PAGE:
The new research looked into this. A team of astronomers started with a computer model that maps how stars are born in a cluster, and modified it to include other physical factors like the cluster rotation (if there's an overall rotation it can lose stars more easily due to centrifugal force). What they found is that stars can leave the cluster more rapidly than first thought, and they could predict not just that extra speed but also the direction of those stars.

They looked again at the Gaia observations, starting with 100 million stars and whittling them down to just a few hundred given the new data. They were able to accurately predict the shape of the tidal tails and add many new stars to them, finding some as far from the cluster as 2,600 light years!

They also found that the tails weren't uniform, but instead were clumped. Some of this is expected due to the way the physics works out as stars leave the cluster and orbit the galaxy on their own; they can pile up at certain distances from the cluster, causing lumps in the tails.

However the Hyades tails were even more peculiar than that. The leading tail moving ahead of the cluster is much more prominent than the trailing one, and in fact the trailing one is quite meager, with a decided paucity of stars.

That's odd. What could cause that?

A map of the sky shows the location of Hyades stars (stars in magenta and constellations marked with green lines; note Orion to the left) including the leading tail (to the right) and the lower density trailing tail (left). Credit: ESA/Gaia/DPAC, CC BY-SA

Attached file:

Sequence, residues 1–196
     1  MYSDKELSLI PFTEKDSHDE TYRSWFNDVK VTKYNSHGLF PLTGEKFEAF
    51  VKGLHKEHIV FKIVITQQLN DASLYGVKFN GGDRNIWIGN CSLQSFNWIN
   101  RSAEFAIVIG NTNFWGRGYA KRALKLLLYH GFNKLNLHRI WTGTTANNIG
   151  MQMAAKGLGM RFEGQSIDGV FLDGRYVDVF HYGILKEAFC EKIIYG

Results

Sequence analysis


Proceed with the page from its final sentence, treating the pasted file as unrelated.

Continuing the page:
It turns out the galaxy isn't just a smooth distribution of stars. There are clusters, of course, but also massive dust and gas clouds and such, and if the cluster passes one of these the gravity can disrupt the tails somewhat. The models show that to cause this much trouble in the Hyades tails, though, it would have had to pass something very massive, 10 million times the mass of the Sun, not too long ago. But nothing like that is seen near the cluster.

The authors posit that this clump may yet exist, and may be the first clear evidence of a dark matter clump, a clot of this mysterious matter that some models of galaxy formation predict should exist. They would orbit the galaxy too, invisible except for their gravitational effects. It's possible this is what has affected the Hyades tails, though by no means certain. It's also possible the model prediction is off, and the Hyades passed a gas cloud longer ago so that it's farther away now. It's too soon to make solid statements about dark matter clumps, but the finding is pretty intriguing.

The new work is still pretty cool, and looks like it will be useful in better understanding how clusters form, as well as how they change over time. And if it can be used to map out the locations — heck, even the existence — of dark matter clumps, then it will prove extremely useful to astronomers.

We still don't know if the Sun was born solo or if it came to be in a cluster like the Hyades. The more we learn about them (and the galaxy itself) the better we can track down our own origins.

*The brightest star there is the orange giant Aldebaran, which is not part of the cluster but instead an isolated star coincidentally much closer to Earth.